Heartland Recreational Vehicles LLC v. Forest River Inc

Filing 6

ANSWER to 1 Complaint and Affirmative Defenses with jury demand, COUNTERCLAIM against Heartland Recreational Vehicles LLC by Forest River Inc. (Attachments: # 1 Exhibit Exhibit A, # 2 Exhibit Exhibit B, # 3 Exhibit Exhibit C, # 4 Exhibit Exhibit D)(Fountain, Ryan) Modified on 11/18/2008 to add jury demand (smp).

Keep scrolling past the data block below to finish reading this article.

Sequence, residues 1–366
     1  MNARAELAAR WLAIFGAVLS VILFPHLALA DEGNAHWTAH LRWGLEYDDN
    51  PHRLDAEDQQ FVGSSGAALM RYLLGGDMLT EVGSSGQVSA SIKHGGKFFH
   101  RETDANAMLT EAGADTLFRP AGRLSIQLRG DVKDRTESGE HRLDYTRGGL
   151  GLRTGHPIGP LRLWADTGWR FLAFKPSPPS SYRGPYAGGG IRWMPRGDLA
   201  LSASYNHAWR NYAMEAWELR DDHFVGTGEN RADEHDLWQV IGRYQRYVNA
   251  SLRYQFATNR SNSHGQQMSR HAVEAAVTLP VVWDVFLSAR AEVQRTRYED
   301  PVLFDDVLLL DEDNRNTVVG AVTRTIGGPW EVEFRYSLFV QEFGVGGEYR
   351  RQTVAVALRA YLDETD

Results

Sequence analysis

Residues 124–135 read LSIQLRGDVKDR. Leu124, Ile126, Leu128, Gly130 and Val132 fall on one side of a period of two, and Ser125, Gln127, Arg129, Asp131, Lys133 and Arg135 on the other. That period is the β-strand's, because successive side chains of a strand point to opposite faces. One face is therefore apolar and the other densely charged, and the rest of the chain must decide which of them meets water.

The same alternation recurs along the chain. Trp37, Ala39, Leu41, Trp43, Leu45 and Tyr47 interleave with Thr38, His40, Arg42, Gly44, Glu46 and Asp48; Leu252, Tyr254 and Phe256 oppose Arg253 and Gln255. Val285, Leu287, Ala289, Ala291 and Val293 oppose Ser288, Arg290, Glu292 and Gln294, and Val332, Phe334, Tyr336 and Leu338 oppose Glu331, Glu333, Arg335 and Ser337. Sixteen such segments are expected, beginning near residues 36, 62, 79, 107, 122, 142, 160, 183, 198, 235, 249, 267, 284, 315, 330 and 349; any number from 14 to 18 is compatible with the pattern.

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Heartland Recreational Vehicles LLC v. Forest River Inc Doc. 6 UNITED STATES DISTRICT COURT Northern District of Indiana South Bend Division HEARTLAND RECREATIONAL VEHICLES, LLC, Plaintiff, v. FOREST RIVER, INC., Defendant. ) ) ) ) CASE NO.:3:08-cv-490 RLM CAN ) ) ) JURY DEMAND ANSWER, DEFENSES, AND COUNTERCLAIMS Defendant, Forest River, Inc. ("Forest River"), herein responds to the Complaint of Heartland and presents its Counterclaims against Heartland, as follows: ANSWERS TO HEARTLAND'S ALLEGATIONS: 1. Heartland is a company organized and existing under the laws of the State of Indiana and has its principle place of business at 1001 All-Pro Drive, Elkhart, Indiana 46514. Response: Admitted. 2. Heartland is the assignee of record of United States Patent No. 7,278,650. Response: Admitted that the face of the patent states that assertion, but Forest River is without knowledge or information sufficient to form a belief as to the present ownership of the patent. 1 Dockets.Justia.com 3. Heartland is a leading manufacturer of travel trailers. Response: Admitted that Heartland is a manufacturer of travel trailers. However, the term "leading" is self laudatory and imprecisely defined. Forest River is without knowledge or information sufficient to form a belief as to what the actual status of Heartland is in terms of "leadership" within the industry. 4. Upon information and belief, Defendant Forest River, Inc. ("Forest River" or "Defendant") is a corporation, organized and existing under the laws of the State of Indiana and has its principle place of business at 55470 County Road 1, Elkhart, Indiana 46514. Response: Admitted. 5. This Court has original jurisdiction over the subject matter of this action pursuant to the provisions of Title 28, United States Code ("U.S.C.") 1331 and 1338(a), because the action arises under the Patent Laws of the United States, Title 35 U.S.C. 100, et seq. Response: Admitted. 6. Upon information and belief, Forest River is subject to personal jurisdiction in this district because, inter alia, it directly and through its agents regularly does, solicits, and transacts business in the Northern District of Indiana. Response: Admitted. 7. Venue is proper in this district pursuant to 28 U.S.C. 1391(b) and c) and 1400(b). 2 Response: Admitted. 8. Heartland hereby incorporates by reference the allegations set forth in paragraphs 1 through 7 as if fully set forth herein. Response: That Heartland has so incorporated its prior allegations is admitted, but the response of Forest River to the content of those prior allegations remains as stated above and need not be repeated here. 9. On October 8, 2007, United States Patent No. 7,278,650 (the "650Patent"), entitled "Travel Trailer Having Improved Turning Radius" was duly and legally issued to Heartland, as assignee. A copy of the `650 patent is attached hereto as Exhibit A. Response: Forest River denies that the `650 Patent was duly and legally issued. That the `650 Patent was issued on that date, that Heartland was indicated to be the assignee on the face of the patent, and that Heartland attached a copy of the patent as Exhibit A are admitted. 10. Possessing all substantive rights to the `650 Patent and the `650 patent being in full force and effect, Heartland has the right to sue for any infringement thereof. Response: Forest River is without sufficient knowledge or information sufficient to form a belief as to who presently owns the `650 patent and/or rights to any actions for infringement. Forest River denies that the `650 Patent is in full force and effect. Forest River denies that Heartland has the right to sue for infringement of the `650 since, among other things, Heartland's fraudulent conduct in obtaining the patent preclude enforcement of the patent by Heartland. 3 11. Upon information and belief, Forest River is infringing upon the `650 patent, either directly or contributorily, by making, using, selling, offering for sale, or supplying travel trailers, including Forest River's Silverback product, all in violation of 35 U.S.C. 271 et seq., and will continue to do so unless enjoined by this Court. Response: Denied. 12. By reason of Forest River's acts of infringement, Heartland has suffered and is suffering damages, including impairment of the value of the `650 patent, in an amount yet to be determined. Response: Denied. 13. Forest River's acts of infringement are causing irreparable harm to Heartland and will continue to cause irreparable harm unless enjoined by this Court. Response: Denied. 14. Upon information and belief, Forest River's continued infringement of the `650 Patent is willful and justifies a trebling of damages pursuant to 35 U.S.C. 284. Further, this is an exceptional case supporting an award of reasonable attorneys' fees pursuant to 35 U.S.C. 285. Response: As to the first sentence, denied. As to the second sentence, agreed to the extent that attorneys' fees should be awarded to Forest River on account of the conduct of Heartland described herein below. DEFENSES AGAINST PATENT INFRINGEMENT: 4 15. Using the reference numbers of the patent for illustration, the claims of the `650 Patent require at least the following elements in a travel trailer chassis: a. a forward edge beam (88) having a first end, b. an outer side frame member (84) substantially perpendicular to the forward edge beam and having a forward end, c. a first cross beam (116) substantially perpendicular to the side frame member and connected to the forward end of the side frame member at a location rearward of the forward edge beam, and d. a second cross beam (120) substantially parallel to the outer side frame member and connected to the first cross beam and the first end of the forward edge beam. 16. Figure 14 of the `650 Patent, shown below, illustrates a top perspective view of one embodiment of the invention claimed by that patent, as set forth in Claim 1. 5 17. The photograph below shows the underside view of the front of a type of travel trailer chassis made, used, and sold by Forest River more than one year before the priority date of the `650 Patent, March 29, 2004, and before the invention claimed by the `650 was conceived and reduced to practice by the named inventors of that patent. 18. The travel trailer chassis type shown in the photograph of 17 is "prior art" with respect to the `650 Patent, as that term is meant under the Patent Laws of the United States. 19. After Heartland accused Forest River of infringing the `650 Patent, Forest River informed Heartland of the trailer chassis type of 17 and of Forest River's assertions of the significance of that chassis type as prior art, and provided specimens of that trailer chassis type which were inspected 6 by Heartland's attorneys at one of Forest River's production facilities more than a month before this lawsuit began. At that inspection, Forest River also provided those attorneys with sample invoices showing that this travel trailer chassis type was on the market several years before the priority date of the `650 Patent. 20. Each and every element and combination of Claim 1 of the `650 Patent is found in the prior art travel trailer chassis type of 17. 21. The drawing below shows a top view of a travel trailer chassis made, used, and sold by Roadmaster at least as of October, 2000. 7 22. The travel trailer chassis of 21 is also prior art with respect to the `650 patent. 23. Using the reference letters shown in that drawing, the travel trailer chassis of 21 has: a. a forward edge beam (B) having a first end, b. an outer side frame member (A) substantially perpendicular to the forward edge beam and having a forward end, c. a first cross beam (C) substantially perpendicular to the side frame member and connected to the forward end of the side frame member at a location rearward of the forward edge beam, and d. a second cross beam (F) substantially parallel to the outer side frame member and connected to the first cross beam and the first end of the forward edge beam. 24. Roadmaster is a competitor of Heartland and was a competitor of Damon Corporation when Brian Brady was President of Damon Corporation. 24. At least one of the named inventors of the `650 Patent, including Brian Brady (the president of Heartland), was aware of the travel trailer chassis of 21 prior to filing the application for the `650 Patent. 25. The "invention" of the `650 Patent is for a travel trailer having an improved turning radius. The actual effort of the named inventors in creating this invention was to create a travel trailer having an improved turning radius by altering the configuration of the front, exterior cap of a fifth wheel travel 8 trailer. As originally filed, the application for the `650 Patent included claims directed toward that front, exterior cap configuration. However, the frame design for the chassis which supports the front, exterior cap was actually created by Lippert Components, and not by the named inventors. During prosecution of that application, Heartland deleted those cap claims and amended its application to include only claims directed to the chassis frame. The application did not originally include and was not amended to include the identity of the employees of Lippert Components who created the frame design. 26. Accordingly, the `650 Patent is invalid under 35 U.S.C. 102(a), (b), and (f) since the invention claimed by that patent was anticipated by the prior art, including the prior art of Forest River and others and does not meet the conditions of patentability. That invention was known and used by others in this country before the "invention" thereof by the applicants for the `650 patent. That invention was described in printed publications, in public use, and on sale in this country more than a year prior to the date of the application for patent in the United States. Moreover, the named inventors did not themselves invent the subject matter claimed in the `650 Patent. 27. In addition to the prior art of s 17 and 21, more than a year before the priority date of the `650 Patent there were a large number of travel trailers made, used, and publically sold in this country which included "V," "bull nose," or otherwise tapered front ends which would prevent the travel trailer from adversely affecting the turning radius of the towing vehicles. Manufacturers of such trailers included Cobra, Bison, Aluminum Trailer Co., Roadmaster, Cherokee, and Sundowner. These travel trailers are also prior art with respect to the `650 Patent. At least one of the named 9 inventors of the `650 Patent was well aware of at least some of these prior art travel trailers before and during the prosecution of the application for the `650 patent. In addition, more than a year before the priority date of the `650 Patent, there were a number of travel trailers which included notched or cut out portions of the front, exterior cap which would prevent the travel trailer from adversely affecting the turning radius of the towing vehicles. One example of such is the Holiday Rambler, Crown Imperial model, made between 1990 and 1992, a photograph of which is shown below: 10 28. The travel trailer shown in the photograph of 27 is prior art with respect to the `650 Patent. 29. Accordingly, the `650 Patent is invalid under 35 U.S.C. 103 since even if the "invention" is not identically disclosed or described as set forth in 35 U.S.C. 102, the differences between the subject matter sought to be patented and the prior art are such that the subject matter as a whole would have been obvious at the time the "invention" was made to a person having ordinary skill in the art of creating travel trailers. The improvement suggested by the applicants for the `650 patent was no more than the predictable use of prior art elements according to their established functions. KSR Int'l. v. Teleflex, Inc., 550 U.S. 398, 127 S. Ct. 1727, 167 L. Ed 2d 705 (2007). 30. Heartland is bound by the Patent Examiner's assessment of the level of ordinary skill in the art and "obviousness" under 35 U.S.C. 103 made during prosecution of the application for the `650 Patent and is barred under the Doctrine of File Wrapper Estoppel from now asserting a different level of ordinary skill in the art in defending against the allegations of 29. The Patent Examiner's assessment in that regard is reflected in the Office Action of July 24, 2007 when rejecting many of the claims under 35 U.S.C. 103. Heartland did not traverse that rejection in its Amendment of August 2, 2007. That failure to traverse was knowing and intentional by Heartland, made expressly "in order to passage quickly to issuance" so that Heartland could assert that patent against Forest River and attempt to divert sales from Forest River. 31. The `650 Patent was not validly issued in light of the requirements of 35 U.S.C. 112 (second 11 paragraph), in that one or more of the Claims do not particularly point out and distinctly claim the subject matter which the applicants regard as their invention. Instead, for example, certain terms and phrases in the Claims, such as "connected to the forward end" and "substantially" are made intentionally ambiguous. Further, the Claims are invalid under the "Missing Element" doctrine, as applied under 112. 32. The `650 Patent was not validly issued in light of the requirements of 35 U.S.C. 101 since the named inventorship is not accurate. No correction of that named inventorship was made during prosecution of the application for that patent as the scope and content of the claims sought was changed by Heartland's amendments to the application. Incorrect named inventorship inherently causes increased cost in enforcement litigation. Heartland failed to comply with this requirement of the patent laws in willful or reckless disregard of its adverse impact on accused infringers. 33. The Complaint did not indicate which of the Claims in the `650 Patent that Forest River is considered to infringe. Accordingly, Forest River specifically litigates herein against all of those Claims. Under 35 U.S.C. 288 (second sentence), Heartland is not entitled to recover costs in this litigation even if it prevails on one or more of the Claims of the `650 Patent because one or more other Claims of the `650 Patent are not valid and Plaintiff has filed no disclaimer of the invalid Claims with the United States Patent and Trademark Office ("USPTO") prior to commencing this lawsuit. 34. The Silverback travel trailer of Forest River was specifically designed by Forest River to avoid 12 infringement of the `650 Patent after Heartland informed Forest River of that patent. A top, perspective view of the chassis of the Silverback travel trailer is shown below: 13 35. Unlike with the `650 Patent, the Silverback trailer achieves a reduced turning radius not by an inward recess or notch in the frame, but rather by using outriggers (19), (22), (23), and (24) extending forward from the frame. The use of outriggers on travel trailers is very old in the art and well known. An example of prior art travel trailer chassis using outriggers is shown in the drawing of 21 (note elements I extending from the outer side frame members A). Forest River is not aware of any prior use of outriggers extending forward from the frame. However, that novel feature is not contemplated by `650 Patent. 36. Heartland alleges that the Silverback trailer infringes the `650 patent because that chassis has: a. a forward edge beam (8) having a first end, b. an outer side frame member (4) substantially perpendicular to the forward edge beam and having a forward end (25), c. a first cross beam (5) substantially perpendicular to the side frame member and connected to the forward end of the side frame member at a location rearward of the forward edge beam, and d. a second cross beam (7) substantially parallel to the outer side frame member and connected to the first cross beam and the first end of the forward edge beam. 37. To the extent that the Silverback trailer has the chassis elements and combination of elements which form the basis for Heartland's allegation of infringement, those same chassis elements in that same combination and for that same purpose are found in the prior art with respect to the `650 Patent. Examples of such are the Roadmaster trailer shown in the drawing of 21 and the Cherokee 14 trailer shown in the front end underside view below: 38. The trailer shown in the photograph of 37 was made on June 5, 2000, according to its VIN plate, by Cherokee Industries, Inc., of Oklahoma City, OK. That trailer is prior art with respect to the `650 patent. 39. Based upon the teachings of the unpatented prior art, Forest River has a right to use the chassis elements and combination of elements which form the basis for Heartland's allegations of infringement. Accordingly, Forest River does not infringe the `650 Patent. 40. Heartland has accused Forest River of "willful" infringement, and on that basis seeks to obtain treble damages and attorneys fees. However, Heartland has made that accusation in bad faith and 15 without evidentiary support and without a likelihood that evidentiary support will exist after a reasonable opportunity for further investigation or discovery. 41. Specifically, prior to the issuance of the `650 Patent, the application for that patent was published by the USPTO. That publication included substantially different claims that those which were ultimately issued in the patent. Those original claims primarily focused upon the configuration of the travel trailer cap which provided an improved turning radius. When Heartland informed Forest River of the application for the `650 Patent and warned Forest River about patent infringement, Forest River responded by conducting an investigation into the scope and content of the prior art relevant to the original claims in the application and then informing Heartland that the claims of that application were considered invalid in light of the prior art. See Exhibit A hereto. Thereafter, the Patent Examiner did in fact reject most of the claims of the patent application in light of certain prior art, even though Forest River was not permitted to participate in the prosecution of that application. The Patent Examiner's rejection of those claims was not based upon the unpatented industry prior art which known to Forest River. Prosecution of the application of the `650 Patent was in fact kept secret from Forest River by the USPTO and by Heartland. 42. In September, 2007, after the `650 Patent was amended by Heartland to delete the claims referring to the improved turning radius front cap and after the frame claims were allowed by the USPTO but before the patent issued, Heartland falsely represented to various suppliers of Forest River that Heartland had a patent on the "turning radius cap" and threatened those suppliers with patent infringement litigation if they continued to assist and sell products to Forest River which 16 related to a prototype Surveyor model then being considered by Forest River, but not yet in production. Forest River was informed of those threats by suppliers and conducted a more extensive investigation into unpatented prior art of travel trailers having a front end which facilitates an improved turning radius. The Roadmaster and Cherokee prior art referred to in s 21 and 37, for example, were discovered by Forest River at that time. The results of that investigation confirmed Forest River's prior assessment about the invalidity of the patent claims sought by Heartland. 43. After the `650 Patent issued, Heartland again contacted Forest River and accused it of patent infringement, even though at that time Forest River did not have any accused product on the market. Heartland's claim was based upon discovering a Cedar Creek prototype travel trailer frame which Forest River had entrusted to one of its suppliers pending completion of the new frame design. Thereafter, Forest River and Heartland engaged in extensive discussions about the patent validity, Heartland's fraud, and patent infringement issues, with Forest River providing detailed information about the bases for its belief that Heartland had no legitimate claim against Forest River. See, for example, Exhibits B and C hereto. 44. Ultimately, the Cedar Creek prototype evolved into the Silverback model, and Forest River began production and sales of that product. In doing so, Forest River did not disregard or ignore Heartland's patent or act in bad faith toward it. Instead, Forest River did so in the good faith belief, based upon its detailed investigation, that the `650 Patent was not validly issued in light of the prior art unknown to the USPTO, not enforceable due to Heartland's fraud during patent prosecution, and in any event, not infringed by the Silverback product because of the substantial differences in the 17 chassis design. 45. Accordingly, even if it turns out that the `650 Patent is valid and enforceable and infringed by Forest River, that infringement is not "willful" within the meaning of the Patent Laws, and Heartland is not entitled to treble damages or attorneys fees. 46. Regardless of the validity of the `650 patent, and regardless of the infringement of that patent if it was validly issued, the `650 Patent is not enforceable by Heartland against Forest River because of fraud committed by Heartland during the prosecution of the application for that patent. 47. Heartland made false or misleading statements of pre-existing fact to the USPTO in its application for the `650 Patent. Specifically and for example, in the "Background" portion of the specification Heartland asserted as to the scope and content of the prior art: "Conventionally, the upper deck of a typical fifth wheel has a rectangular or parallelogram-shape footprint whose forward corners form right angles." Further on, the specification includes Figure 9A and a description of that as prior art. Heartland knew these statements were false and incomplete and were misleading at the time they were made. Heartland was aware at the time the application was filed with the USPTO that many typical prior art travel trailers included "V," "bull nose," or otherwise tapered front ends. Heartland knew these typical prior art trailers had forward corners which were not right angles and which would prevent the travel trailer from adversely affecting the turning radius of the towing vehicles. Heartland knew these prior art trailers would provide the same benefits of the claimed invention and in the same manner. Heartland had this knowledge as a result of its direct competition 18 with some of the manufacturers of this prior art and because one or more of the named inventors was aware of this prior art from their many years of experience in the travel trailer industry. 48. Under 37 C.F.R. 1.56 Heartland, its attorneys before the USPTO, and each of the named inventors personally had "a duty of candor and good faith" to the USPTO and were required to disclose to the USPTO "all information known to" them which was material to the patentability of "each pending claim." Neither Heartland nor the named inventors complied with this duty. For example, on June 27, 2005, Heartland filed an Information Disclosure Statement with the USPTO which listed certain patents, but Heartland expressly refused to admit to the USPTO that any of those patents was material to the patentability of any pending claim or even qualified as prior art (see Exhibit D hereto), and failed to ever identify any prior art to the USPTO which it considered to be material to the patentability of any claim, and especially failed to inform the USPTO of any of the unpatented prior art frames actually made and sold within the industry, despite having actual knowledge of frames which were material to the examination of its patent claims, such as is referred to in s 24 and 27. 49. The actions of Heartland referred to in s 47 and 48 were made with the specific intent that the Patent Examiner rely upon the lack of material prior art references in the patent application record in making his decision to allow some or all of the original claims presented by Heartland. 50. The Patent Examiner of the `650 Patent was justified in relying upon a patent applicant to comply with its duty under 37 C.F.R. 1.56. The Patent Examiner did in fact rely upon the lack of 19 material prior art in the patent application record with regard to the subject matter of Claims 1 - 3 of the `650 Patent in making his decision to allow those claims. 51. The present lawsuit against Forest River could not have been brought by Heartland if the Patent Examiner had decided not to allow the claims of the `650 Patent. 52. The present lawsuit against Forest River has and will cause Forest River to incur costs and expenses. 53. The actions of Heartland referred to in s 47 and 48 constitute "inequitable conduct" within the meaning of the Patent Laws. 54. Accordingly, Heartland's fraudulent and inequitable conduct referred to in s 47 and 48 has caused damage to Forest River and warrants a finding both that this case is "exceptional" within the meaning of 35 U.S.C. 285 such that Forest River should be awarded its reasonable attorneys' fees, see, e.g., A.B. Chance Co. v. RTE Corp., 854 F. 2d 1307, 1312 (Fed. Cir. 1988)(inequitable conduct before the USPTO can support an award of attorneys' fees) and that Heartland is barred from enforcing the `650 Patent under long established principles of equity and patent law, see, e.g., Precision Instrument Mfg., Inc. v. Automotive Maintenance Mach., Co., 324 U.S. 806, 65 S. Ct. 933, 89 L. Ed. 1381 (1945)(traditional doctrine of "Unclean Hands" bars enforcement if patent obtained through fraud or inequitable conduct); J.P. Stevens & Co., Inc., v. Lex Tex Ltd., Inc., 747 F. F2 1553, 1560-61 (Fed. Cir. 1984)(inequitable conduct with respect to any claim prevents enforceability of 20 all claims of the patent - the so-called "All Claims Rule"), cert. denied, 474 U.S. 822 (1985). COUNTERCLAIMS AGAINST HEARTLAND: A. Declaratory Judgement of Invalidity, Non-infringement and Unenforceability 55. As shown by the Complaint, Heartland has brought a lawsuit against Forest River in this Court, and Forest River's continued sale of the accused products is put at substantial risk of liability. Forest River has, by conferences with Heartland since prior to the filing of this lawsuit, attempted to resolve this matter without litigation, but has been unsuccessful. Accordingly, a case of actual controversy exists between the parties and within the jurisdiction of this Court that is now ripe for a declaration of the rights of the parties by this Court under 28 U.S.C. 2201 as to the following allegations of Forest River: 56. One or more of the Claims of the `650 Patent is not validly issued in light of the requirements of 35 U.S.C. 101, 102, 103, and/or 112. 57. The products of Forest River do not infringe upon the Claims of the `650 Patent. 58. The `650 Patent is not enforceable by Heartland in whole or part. B. Infringement of Forest River's Trademark Rights under 15 U.S.C. 1125 59. This counterclaim is an action for infringement of federal trademark rights under 15 U.S.C. 1125. This Court has jurisdiction over this claim pursuant to 15 U.S.C. 1121 and 28 U.S.C. 21 1331. Venue is proper in this district under 28 U.S.C. 13391(b) and (c) since the defendant, Heartland, is an Indiana corporation which has its principle place of business in this district and is subject to personal jurisdiction in this district. 60. Under 15 U.S.C. 1125(a)(1)(A), "any person who, on or in connection with any goods or services, . . . uses in commerce any word, term, name . . . or any false designation of origin, false or misleading description of fact, or false or misleading representation of fact, which . . . is likely to cause confusion, or to cause mistake, or to deceive as to the affiliation, connection, or association of such person with another person, . . or commercial activities by another person, . . . shall be liable in a civil action by any person who believes that he or she is or is likely to be damaged by such act." 61. On October 22 and 23, 2008, Forest River hosted a private trade show next to its corporate offices in Elkhart, Indiana. On display were nearly the full range of product types manufactured and sold by the various divisions of Forest River, including boats, portable toilets, cargo trailers, travel trailers, motor homes, and modular buildings. More than 700 guests were invited to attend, representing approximately 350 RV dealerships from across the North America and as far away as Australia. This event was briefly featured on the evening news of WSBT-TV in South Bend on October 22, 2008. However, this was not a public showing of Forest River products; the facilities were surrounded by a chain link fence, and there were gate attendants at the entrance to ensure that only invited guests and other persons given specific permission by Forest River could attend. 62. A theme of this trade show was "Pick Your Partner," referring to the business relationships that 22 can develop between an RV manufacturer and an RV dealer. One of the purposes of this event was to encourage sales of various Forest River products to new and existing RV dealers. However, there were also presentations made and information given to those dealers about methods of coping with and remaining profitable during the current economic downturn in the RV industry, as well as presentations made and information given to dealers by related businesses involved in RV financing and insurance, such as GEICO (like Forest River, another subsidiary corporation of Berkshire Hathaway, Inc.). 62. To provide overnight accommodations for its guests, Forest River reserved several hotels in Mishawaka, Indiana, including the Hyatt Place, Country Inn & Suites, Residence Inn, Courtyard Marriott, Springhill Suites, Holiday Inn Express, Hampton Inn, and Varsity Club. Forest River created an internal business document, called a "Master List," identifying each guest who would be attending the private trade show and which hotel that guest would be staying at. 63. On Wednesday, October 22, at approximately 3:30 p.m., while most of Forest River's guests were in attendance at the private trade show, Heartland had several of its employees enter into each of the hotels reserved by Forest River. Those Heartland employees were carrying stacks of envelopes, each labeled with the name of a Forest River guest and an identification of which hotel that guest was staying at. Those Heartland employees went to the front desks of the hotels and then falsely stated and represented to the hotel attendants present that they were "from Forest River" and had envelopes which needed to be delivered to the Forest River guests. The contents of those envelopes were falsely described and represented to the hotel attendants as "important" and "needed 23 for a Forest River dealer meeting the next day." Those Heartland employees induced the hotel attendants to immediately deliver the envelopes to the rooms of each named guest in their respective hotels, such as by slipping the envelopes under the guests' room doors. Security video cameras monitoring the front desks in at least two of these hotels recorded this event and the Heartland employees doing it. 64. The envelopes contained documents advertising Heartland's travel trailers and documents comparing several Flagstaff models of Forest River products with certain North Trail models of Heartland products. The envelopes also contained a specific invitation to visit Heartland's place of business in Elkhart that same week, while the guests were in the area attending Forest River's private trade show, including a map showing how to get there. 65. Several of Forest River's guests, who were RV dealers, were induced by the contents of those envelopes to visit Heartland's place of business that same week. Several of those RV dealers were induced by Heartland to sign up as Heartland dealers and placed orders for Heartland travel trailers. Brian Brady, the president of Heartland, informed other dealers of Heartland of these events in email correspondence sent by him at 7:36 p.m. on October 28, 2008. 66. Heartland is a direct competitor of Forest River. Sales of Heartland travel trailers can reduce sales of Forest River travel trailers. 67. Accordingly, Heartland is liable to Forest River under 15 U.S.C. 1125(a)(1)(A) on account of 24 the false statements and representations made to the hotel attendants which deceived those attendants into delivering Heartland advertisements to Forest River guests at a key time in the private trade show event. Those actions of Heartland also resulted in disruption and confusion among several of Forest River's guests because of the incongruity and surprising manner in which the envelopes were delivered. 68. Heartland's actions in this regard were willful and deliberate, with several purposes in mind. One of Heartland's purposes was to obtain immediate financial gain by signing up new dealers and selling travel trailers to those dealers. Another of Heartland's purposes was to disrupt Forest River's private trade show, embarrass Forest River before its customer base, and thereby decrease Forest River's sales of travel trailers and other products. Coincident with the "hotel action" described in s 63 and 64, Heartland has disparaged Forest River's private trade show by repeated correspondence with RV dealers which suggests Forest River as a "False Partner," a derogatory allusion to the "Pick Your Partner" theme. Heartland's actions exceed the pale of legitimate competition and instead demonstrate bad faith and actual malice toward Forest River. In that regard, Heartland has engaged in unfair competition against Forest River. 69. Heartland was motivated to that unfair competition, including the "hotel action," by Catterton Partners, a Connecticut firm which obtained controlling interest in Heartland in 2007 as a short term investment and seeks to rapidly increase Heartland's market share in the RV industry so that Catterton can then quickly sell off its ownership interest at a profit. When the recent economic downturn in the RV industry stunted the potential for Heartland to obtain that rapid growth by 25 legitimate competition, Heartland turned to illegal means, such as the "hotel action," to attempt to reach that investor's goal. 70. Accordingly, Heartland is a willful infringer under the Lanham Act, justifying an award of damages, including treble damages, to Forest River, and this is an "exceptional case" within the meaning of 15 U.S.C. 1117, justifying an award of attorneys fees to Forest River. 71. Accordingly, an injunction against Heartland is justified and properly entered under 15 U.S.C. 1116 for a period of time against any and all sales and business relationship with any dealer doing business with Heartland as a result, in whole or part, of the "hotel action." RELIEF REQUESTED Forest River requests this Court enter Judgment against Heartland and dismiss Heartland's claim against Forest River, declaring that: A. Forest River does not infringe upon the `650 patent, B. Forest River is not a willful infringer even if it did infringe upon the `650 Patent, C. The `650 Patent was not validly issued, and D. The `650 Patent is not enforceable. Forest River further requests this Court enter Judgment in favor of Forest River on the second counterclaim, declaring that: E. Heartland has infringed Forest River's rights under 15 U.S.C. 1125, F. This case is "exceptional" under 15 U.S.C. 1117, and 26 G. Awarding Forest River all such damages and profits of Heartland as is appropriate, H. Awarding Forest River treble damages and attorneys fees, I. Entering an injunction sufficient to prevent Heartland from gaining further from its illegal conduct, and J. Awarding Forest River all such other relief as may be just and proper. DEMAND FOR JURY TRIAL UNDER FED. R. CIV. P. 38(b) BY FOREST RIVER, INC. Dated: November 17, 2008 Respectfully submitted, s/Ryan M. Fountain ___________________________ Ryan M. Fountain (#8544-71) RyanFountain@aol.com 420 Lincoln Way West Mishawaka, Indiana 46544 Telephone: (574) 258-9296 Telecopy: (574) 256-5137 Attorney for Defendant Forest River, Inc. Certificate of Service I certify that on November 17, 2008, I electronically filed the foregoing document with the Clerk of the Court using CM/ECF system, which sent notification of such filing to all of the parties through at least the following counsel of record: David P. Irmscher Abigail M. Butler david.irmscher@bakerd.com abidgail.bulter@bakerd.com s/Ryan M. Fountain _______________________ Ryan M. Fountain Attorney for Defendant Forest River, Inc. 27 INDEX OF EXHIBITS Exhibit A Unsigned copy of February 12, 2007 letter to Heartland's attorney from Forest River's attorney. Unsigned copy of August 28, 2008 letter to Heartland's attorney from Forest River's attorney. Unsigned copy of October 2, 2008 letter to Heartland's attorney from Forest River's attorney. Copy of June 23, 2005 letter of Heartland's attorney to the USPTO. Exhibit B Exhibit C Exhibit D 28